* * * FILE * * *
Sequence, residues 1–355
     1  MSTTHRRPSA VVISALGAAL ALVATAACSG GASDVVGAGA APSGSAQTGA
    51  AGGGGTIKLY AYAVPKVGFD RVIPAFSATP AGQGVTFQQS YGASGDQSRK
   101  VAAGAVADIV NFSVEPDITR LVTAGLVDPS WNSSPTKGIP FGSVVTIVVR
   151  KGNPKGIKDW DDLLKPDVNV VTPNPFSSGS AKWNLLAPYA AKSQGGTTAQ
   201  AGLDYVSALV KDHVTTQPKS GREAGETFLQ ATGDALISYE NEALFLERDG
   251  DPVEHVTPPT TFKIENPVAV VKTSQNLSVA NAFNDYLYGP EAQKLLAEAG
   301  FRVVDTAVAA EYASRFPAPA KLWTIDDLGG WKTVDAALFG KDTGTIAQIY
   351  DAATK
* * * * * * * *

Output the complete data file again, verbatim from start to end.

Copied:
Sequence, residues 1–355
     1  MSTTHRRPSA VVISALGAAL ALVATAACSG GASDVVGAGA APSGSAQTGA
    51  AGGGGTIKLY AYAVPKVGFD RVIPAFSATP AGQGVTFQQS YGASGDQSRK
   101  VAAGAVADIV NFSVEPDITR LVTAGLVDPS WNSSPTKGIP FGSVVTIVVR
   151  KGNPKGIKDW DDLLKPDVNV VTPNPFSSGS AKWNLLAPYA AKSQGGTTAQ
   201  AGLDYVSALV KDHVTTQPKS GREAGETFLQ ATGDALISYE NEALFLERDG
   251  DPVEHVTPPT TFKIENPVAV VKTSQNLSVA NAFNDYLYGP EAQKLLAEAG
   301  FRVVDTAVAA EYASRFPAPA KLWTIDDLGG WKTVDAALFG KDTGTIAQIY
   351  DAATK